He risks his life to save children

He risks his life  to save children

Being a doctor, Jitendra Chaturvedi from Kushinagar district in Uttar Pradesh could easily have followed in the footsteps of many of his classmates and set up his own clinic and focused on curing diseases. Instead, Dr Chaturvedi focused on treating another “very serious” ailment that afflicted society. It is child trafficking.

A graduate in homoeopathic medicine, Chaturvedi has till September 2014 rescued over 1,100 children from trafficking gangs and other industries and helped them to return to their homes.

Chaturvedi has also been active in rescuing missing children from neighbouring Nepal and has also been running “Missing Child Alert” programme to repatriate the Nepali children rescued in India and vice versa. He is also engaged in strengthening Indo-Nepal stakeholder relations on the issues of missing and trafficked children.

“Repatriating children is as important as rescuing them,” Chaturvedi, who also runs a clinic at Bichiya town in Bahara­ich district, says. “The objective behind starting the clinic is to serve the poor and tribal community,” he told Deccan Herald.

Rescuing children reported missing but actually working at brick kilns or small-and-medium-scale factories in different parts of the country is not an easy task, Chaturvedi says. “The job is fraught with risks. One faces danger from the traffickers’ gangs and there is no cooperation from the police. Often the police are hand in glove with the traffickers,” he says.

Recalling some major rescue operations, Chaturvedi said that he and his team of volunteers had rescued six children from Bichhia Railway station a few years back.  “All of them were being taken to Gaziabad for child labour,” he said. One person was also was arrested.

His efforts also saw the rescue of 38 children being trafficked to Jaipur for embroidery industries. “When I was returning home one evening in a bus, I saw a youth boarding the bus with a large number of children at Girdharpur village. All of them were between 8 and 14 years and were carrying travel bags on their back,” he said.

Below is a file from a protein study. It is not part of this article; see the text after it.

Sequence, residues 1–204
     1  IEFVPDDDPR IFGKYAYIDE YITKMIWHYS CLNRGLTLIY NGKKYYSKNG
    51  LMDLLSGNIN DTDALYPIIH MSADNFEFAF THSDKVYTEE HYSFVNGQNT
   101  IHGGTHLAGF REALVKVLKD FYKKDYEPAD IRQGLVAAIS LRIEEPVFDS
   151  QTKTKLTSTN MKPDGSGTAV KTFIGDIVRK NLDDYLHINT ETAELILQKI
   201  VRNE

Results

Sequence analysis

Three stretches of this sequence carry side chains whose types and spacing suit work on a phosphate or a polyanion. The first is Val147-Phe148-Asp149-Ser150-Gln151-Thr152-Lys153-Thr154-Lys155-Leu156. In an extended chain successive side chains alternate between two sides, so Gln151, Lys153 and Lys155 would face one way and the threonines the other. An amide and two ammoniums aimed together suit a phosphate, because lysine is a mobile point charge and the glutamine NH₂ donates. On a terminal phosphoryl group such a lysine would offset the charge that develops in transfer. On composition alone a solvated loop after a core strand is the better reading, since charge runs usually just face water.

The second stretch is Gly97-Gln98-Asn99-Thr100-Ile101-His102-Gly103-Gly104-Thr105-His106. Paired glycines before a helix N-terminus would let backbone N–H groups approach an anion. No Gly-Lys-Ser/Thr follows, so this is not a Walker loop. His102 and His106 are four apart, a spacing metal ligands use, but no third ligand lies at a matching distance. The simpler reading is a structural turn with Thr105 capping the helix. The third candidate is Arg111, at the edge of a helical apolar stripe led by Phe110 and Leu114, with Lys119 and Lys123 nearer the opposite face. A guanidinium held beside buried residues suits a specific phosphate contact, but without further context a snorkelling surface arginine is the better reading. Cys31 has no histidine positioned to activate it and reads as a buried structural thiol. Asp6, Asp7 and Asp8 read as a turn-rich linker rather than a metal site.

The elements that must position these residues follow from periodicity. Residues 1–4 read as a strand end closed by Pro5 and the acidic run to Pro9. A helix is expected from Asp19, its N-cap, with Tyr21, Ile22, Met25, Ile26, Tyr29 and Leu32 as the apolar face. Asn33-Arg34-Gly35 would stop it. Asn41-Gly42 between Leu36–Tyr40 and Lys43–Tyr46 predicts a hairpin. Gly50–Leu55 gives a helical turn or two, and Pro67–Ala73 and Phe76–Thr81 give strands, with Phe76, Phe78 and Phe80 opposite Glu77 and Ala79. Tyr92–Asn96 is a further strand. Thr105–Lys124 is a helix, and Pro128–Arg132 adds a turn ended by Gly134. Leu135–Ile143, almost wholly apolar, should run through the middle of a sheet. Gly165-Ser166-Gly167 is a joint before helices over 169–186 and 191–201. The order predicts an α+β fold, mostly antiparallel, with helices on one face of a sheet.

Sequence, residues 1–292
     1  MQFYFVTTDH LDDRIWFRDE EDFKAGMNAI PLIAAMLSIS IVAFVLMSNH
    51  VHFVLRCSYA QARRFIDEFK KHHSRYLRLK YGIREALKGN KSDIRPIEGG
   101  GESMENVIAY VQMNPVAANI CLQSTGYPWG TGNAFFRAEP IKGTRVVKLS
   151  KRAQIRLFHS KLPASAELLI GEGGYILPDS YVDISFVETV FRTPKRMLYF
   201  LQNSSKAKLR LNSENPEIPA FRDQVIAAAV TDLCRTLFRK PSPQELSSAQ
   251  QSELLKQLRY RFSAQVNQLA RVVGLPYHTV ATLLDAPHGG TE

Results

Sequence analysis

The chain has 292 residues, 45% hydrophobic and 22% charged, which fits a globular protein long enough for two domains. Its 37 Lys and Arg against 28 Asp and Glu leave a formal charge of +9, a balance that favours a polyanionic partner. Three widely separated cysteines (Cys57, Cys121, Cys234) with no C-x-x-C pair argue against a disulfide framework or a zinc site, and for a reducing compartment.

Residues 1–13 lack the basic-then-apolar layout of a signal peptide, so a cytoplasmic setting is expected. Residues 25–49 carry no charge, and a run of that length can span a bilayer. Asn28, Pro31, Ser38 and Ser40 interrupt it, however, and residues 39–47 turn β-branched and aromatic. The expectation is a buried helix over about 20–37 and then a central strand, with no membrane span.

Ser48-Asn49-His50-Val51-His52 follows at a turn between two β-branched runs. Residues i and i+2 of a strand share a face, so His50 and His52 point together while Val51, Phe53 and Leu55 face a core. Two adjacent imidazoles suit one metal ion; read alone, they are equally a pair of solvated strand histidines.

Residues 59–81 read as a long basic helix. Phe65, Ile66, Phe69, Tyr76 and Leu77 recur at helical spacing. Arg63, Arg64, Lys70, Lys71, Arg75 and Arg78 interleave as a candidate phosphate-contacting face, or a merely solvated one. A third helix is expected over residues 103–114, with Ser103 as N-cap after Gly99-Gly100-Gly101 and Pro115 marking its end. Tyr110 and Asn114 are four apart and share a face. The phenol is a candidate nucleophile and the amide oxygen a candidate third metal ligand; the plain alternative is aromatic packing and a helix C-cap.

Chaturvedi suspected some foul play. He quietly slipped to a seat near one of the children and asked him about his destination. “He told me that all of them are going to Jaipur for earning money,” Chaturvedi said. He immediately decided at hijack the bus. He succeeded in his plan and rescued children and helped them to reunite with their families.
Despite a strong opposition from the local MLA of the ruling party, he succeeded in registering an FIR against the culprits in Nanpara Kotwali. Two were arrested later and sent to jail.

In another instance, six children were rescued from a state roadways bus going from Bahraich to Lucknow. All of them were being trafficked to Ahmedabad in Gujarat. An FIR was lodged and one of the culprits was arrested.

He also managed to rescue seven children from a train all alone a few years ago. “Trafficker Radhey Shyam was arrested after some struggle,” he said.

After the rescue, a counseling camp was organised by Dr Chaturvedi and team in the village of trafficked children. “It was shocking that the trafficker was the elder brother of a government primary school headmaster,’’ he said.

“The headmaster used to convince parents that their wards will not be able to clear the examinations as they were poor in studies and it will be better if they are sent for earning some money,” he pointed out.

Chaturvedi also rescued children from Nepal. “In March 2013, seven children of Ranjeet Bojha and Turhani Razzab villages were rescued from the brick kilns of the Kathmandu valley. They were kidnapped second time in the Nepalganj city of Nepal but were rescued again. They were also rehabilitated’’, he said.

Chaturvedi said that during this rescue, he did not receive any cooperation from Indian police and also Sashastra Seema Bal. “We also faced a strong opposition from the Maoists and brick kiln owners,” he said. He later started a 24x7 Child helpline in Bahraich.
The doctor also rescued a 12-year-old minor girl trafficked from Obra in UP’s Sonebhadra district to Shrawasti district. The minor girl had been gang-raped for 21 days in Koilahwa village of Shrawasti. Two were arrested and sent to jail.

“I have now stopped asking the police for help,” he remarked. He is actively
engaged in stopping child marriages. “We have managed to prevent 26 child marriages so far without any help,” he said.

“I myself underwent tremendous sufferings during my childhood. We were very poor and could barely survive. I had then decided that I would do something for society,” he said.
Chaturvedi had been abandoned by his family after he decided to get actively
involved in social service. “My parents wanted me to get a government job,” he added.

Chaturvedi’s efforts have been recognised at national and state levels. His NGO was given the “Manjunath Shanmugam National Integrity Award-2009”. He was also bestowed with “Social Bravery Award, in 2012 for his commendable work towards humanity. Father of a girl, Chaturvedi’s only wish is to make sure that no child was trafficked. “I am willing to do any thing to make it happen”, he remarked.

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